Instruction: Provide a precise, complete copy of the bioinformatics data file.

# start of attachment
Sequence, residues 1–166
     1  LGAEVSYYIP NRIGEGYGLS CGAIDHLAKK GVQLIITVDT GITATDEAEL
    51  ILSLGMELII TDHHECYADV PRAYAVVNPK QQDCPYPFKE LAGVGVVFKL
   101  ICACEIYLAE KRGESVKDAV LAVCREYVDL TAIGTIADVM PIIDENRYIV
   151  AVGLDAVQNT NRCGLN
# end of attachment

Sequence, residues 1–166
     1  LGAEVSYYIP NRIGEGYGLS CGAIDHLAKK GVQLIITVDT GITATDEAEL
    51  ILSLGMELII TDHHECYADV PRAYAVVNPK QQDCPYPFKE LAGVGVVFKL
   101  ICACEIYLAE KRGESVKDAV LAVCREYVDL TAIGTIADVM PIIDENRYIV
   151  AVGLDAVQNT NRCGLN